Functional-Light JavaScript, v3

Map: Transformation

Kyle Simpson

Kyle Simpson

You Don't Know JS
Functional-Light JavaScript, v3

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The "Map: Transformation" Lesson is part of the full, Functional-Light JavaScript, v3 course featured in this preview video. Here's what you'd learn in this lesson:

Kyle introduces map, which takes a data structure and maps a transformation across each element, returning a new data structure of the same type with transformed values from the original structure.


Transcript from the "Map: Transformation" Lesson

>> Kyle Simpson: All right moving right along let's talk about lists. And actually right off the bat I need to clarify we're not really only talking about arrays. Although these kind of operations are almost always illustrated using arrays, we are actually talking about data structures. The functional programming concept of doing operations is not limited to I can only do a map across an array or I can only do a filter across an array.

These sorts of operations, like maps and filters and reduces, are actually generalized operations that should be able to be performed across any data structure. It just happens to be, especially in JavaScript, that it's super convenient to illustrate in the context of arrays. So for now we are gonna look at them in the context of arrays, but then we're gonna circle back and we're gonna talk about this larger concept of adapting these ideas to general data structures.

Essentially what we are saying here is that there are operations that we've learned how to perform on single discrete values. And now what we'd like to is adapt those operations, lift those operations, so that they work across a collection of values. There's a scary sounding functional programming term here that is heavily related and it is called functor.

A functor is a value, and by value I mean could be a collection of values, it is a value over which those values in it can be mapped. So if we talk about an array since we know we can call dot map on an array, it's a functor.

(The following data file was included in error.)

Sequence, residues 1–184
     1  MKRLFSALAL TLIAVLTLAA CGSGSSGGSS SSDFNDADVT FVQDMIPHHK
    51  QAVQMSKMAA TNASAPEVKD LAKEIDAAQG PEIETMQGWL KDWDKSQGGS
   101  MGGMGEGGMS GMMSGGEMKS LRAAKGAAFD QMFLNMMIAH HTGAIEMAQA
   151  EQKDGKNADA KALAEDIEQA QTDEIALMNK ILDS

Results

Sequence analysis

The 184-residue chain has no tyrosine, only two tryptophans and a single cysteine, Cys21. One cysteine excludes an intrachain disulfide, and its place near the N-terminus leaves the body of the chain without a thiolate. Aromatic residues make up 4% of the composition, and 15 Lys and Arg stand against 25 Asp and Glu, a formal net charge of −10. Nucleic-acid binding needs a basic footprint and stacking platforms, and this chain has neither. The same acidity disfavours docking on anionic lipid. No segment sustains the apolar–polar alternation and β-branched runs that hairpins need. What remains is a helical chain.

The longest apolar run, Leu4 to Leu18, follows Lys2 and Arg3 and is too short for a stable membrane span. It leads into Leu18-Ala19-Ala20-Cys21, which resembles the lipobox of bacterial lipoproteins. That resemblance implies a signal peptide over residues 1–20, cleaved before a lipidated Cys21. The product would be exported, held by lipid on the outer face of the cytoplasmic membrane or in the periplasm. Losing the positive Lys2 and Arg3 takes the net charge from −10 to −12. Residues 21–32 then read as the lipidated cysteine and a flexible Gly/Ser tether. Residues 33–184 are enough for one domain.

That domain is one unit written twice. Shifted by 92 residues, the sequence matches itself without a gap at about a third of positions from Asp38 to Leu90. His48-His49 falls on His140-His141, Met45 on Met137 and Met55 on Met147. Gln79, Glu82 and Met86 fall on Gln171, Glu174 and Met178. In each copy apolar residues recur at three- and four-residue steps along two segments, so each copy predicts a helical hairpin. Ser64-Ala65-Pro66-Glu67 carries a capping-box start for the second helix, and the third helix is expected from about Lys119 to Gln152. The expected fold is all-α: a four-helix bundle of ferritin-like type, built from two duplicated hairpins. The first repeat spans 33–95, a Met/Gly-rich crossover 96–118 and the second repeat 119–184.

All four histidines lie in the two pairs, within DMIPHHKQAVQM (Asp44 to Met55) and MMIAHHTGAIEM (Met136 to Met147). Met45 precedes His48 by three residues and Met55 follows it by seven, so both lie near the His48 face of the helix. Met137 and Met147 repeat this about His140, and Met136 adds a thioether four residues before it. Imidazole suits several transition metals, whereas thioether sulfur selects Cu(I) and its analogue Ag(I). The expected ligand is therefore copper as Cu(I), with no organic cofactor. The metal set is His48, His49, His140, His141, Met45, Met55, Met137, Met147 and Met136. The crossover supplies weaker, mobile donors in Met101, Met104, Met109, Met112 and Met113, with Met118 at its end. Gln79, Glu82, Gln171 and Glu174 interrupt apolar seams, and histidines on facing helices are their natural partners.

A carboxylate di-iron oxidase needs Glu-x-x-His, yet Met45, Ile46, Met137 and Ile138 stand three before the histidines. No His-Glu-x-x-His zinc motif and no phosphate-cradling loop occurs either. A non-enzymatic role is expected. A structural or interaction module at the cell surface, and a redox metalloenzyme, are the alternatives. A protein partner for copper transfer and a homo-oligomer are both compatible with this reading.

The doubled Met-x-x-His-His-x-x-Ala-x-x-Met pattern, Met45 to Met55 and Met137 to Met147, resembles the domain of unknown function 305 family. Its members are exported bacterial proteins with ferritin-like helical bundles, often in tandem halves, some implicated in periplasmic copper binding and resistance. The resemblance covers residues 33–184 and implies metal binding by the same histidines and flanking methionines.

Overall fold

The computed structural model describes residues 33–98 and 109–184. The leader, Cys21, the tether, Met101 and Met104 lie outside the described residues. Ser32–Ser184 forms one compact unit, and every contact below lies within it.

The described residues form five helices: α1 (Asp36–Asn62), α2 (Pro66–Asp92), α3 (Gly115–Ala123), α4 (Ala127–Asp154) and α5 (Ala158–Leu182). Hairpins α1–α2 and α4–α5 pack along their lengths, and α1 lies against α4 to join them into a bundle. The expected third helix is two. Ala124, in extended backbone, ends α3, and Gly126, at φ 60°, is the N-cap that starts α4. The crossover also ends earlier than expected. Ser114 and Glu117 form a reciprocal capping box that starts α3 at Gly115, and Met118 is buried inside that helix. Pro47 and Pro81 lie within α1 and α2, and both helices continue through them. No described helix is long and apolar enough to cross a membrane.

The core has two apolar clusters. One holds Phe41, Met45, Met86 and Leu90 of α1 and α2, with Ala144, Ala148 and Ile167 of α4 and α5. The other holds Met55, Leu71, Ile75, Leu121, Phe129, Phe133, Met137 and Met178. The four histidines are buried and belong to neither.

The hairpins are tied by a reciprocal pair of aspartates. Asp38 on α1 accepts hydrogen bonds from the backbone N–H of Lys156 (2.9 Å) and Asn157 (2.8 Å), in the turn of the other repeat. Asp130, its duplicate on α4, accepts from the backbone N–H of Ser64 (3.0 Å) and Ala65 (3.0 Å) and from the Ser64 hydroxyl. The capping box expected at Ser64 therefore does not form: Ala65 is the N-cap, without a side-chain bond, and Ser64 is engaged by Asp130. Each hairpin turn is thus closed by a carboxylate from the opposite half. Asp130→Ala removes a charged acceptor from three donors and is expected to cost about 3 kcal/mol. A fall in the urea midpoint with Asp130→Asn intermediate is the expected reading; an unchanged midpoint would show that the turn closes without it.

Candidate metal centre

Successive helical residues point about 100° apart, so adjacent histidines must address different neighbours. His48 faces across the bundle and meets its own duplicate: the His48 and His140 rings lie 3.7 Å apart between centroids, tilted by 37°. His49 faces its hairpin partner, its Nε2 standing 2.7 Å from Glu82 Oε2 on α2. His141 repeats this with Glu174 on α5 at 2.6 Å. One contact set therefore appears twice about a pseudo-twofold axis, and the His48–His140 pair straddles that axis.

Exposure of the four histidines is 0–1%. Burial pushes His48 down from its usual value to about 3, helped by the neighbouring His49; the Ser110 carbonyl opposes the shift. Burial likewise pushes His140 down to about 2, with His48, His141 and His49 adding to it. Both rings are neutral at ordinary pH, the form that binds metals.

In fact, any data structure for which we have identified and defined a map operation that constitutes or gives the characteristic that it behaves as a functor. And I only use that word to demystify these words, not because I want you to go around, start talking about functor this and functor that.

But rather that if you ever hear that word, I don't want you to be scared by that word. You just need to think essentially that's a value that I can map an operation across, okay? So let's talk about map. What is map? It is fundamentally a transformation operation.

Meaning that we're gonna to take the values in some collection and perform a conversion on each of them. And remember that a data structure doesn't imply necessarily multiple values. A single value in a single data structure can be that functor idea can be mapped over and that's still entirely valid.

It's just that we often illustrated in terms of lists of values like I've depicted here. So the transformation, it's important to note that it's not happening in place. For it to be the functor, for it to behave according to these principles, it has to be a pure function.

It can't be mutating this stuff. Your map transformation has to be producing a new data structure. With the values having been transformed as they are projected to the new data structure, okay? So if we start out with an array of four numbers, and then we map that to a new array of different numbers that have been added or subtracted from or something, that's a mapping operation.

The key takeaway here mentally is that map always results in the same kind of data structure as it started with. You start with an array, map is gonna give you another array. You start with an object, map is gonna give you another object. If you start with a monad, map is gonna give you another monad, okay?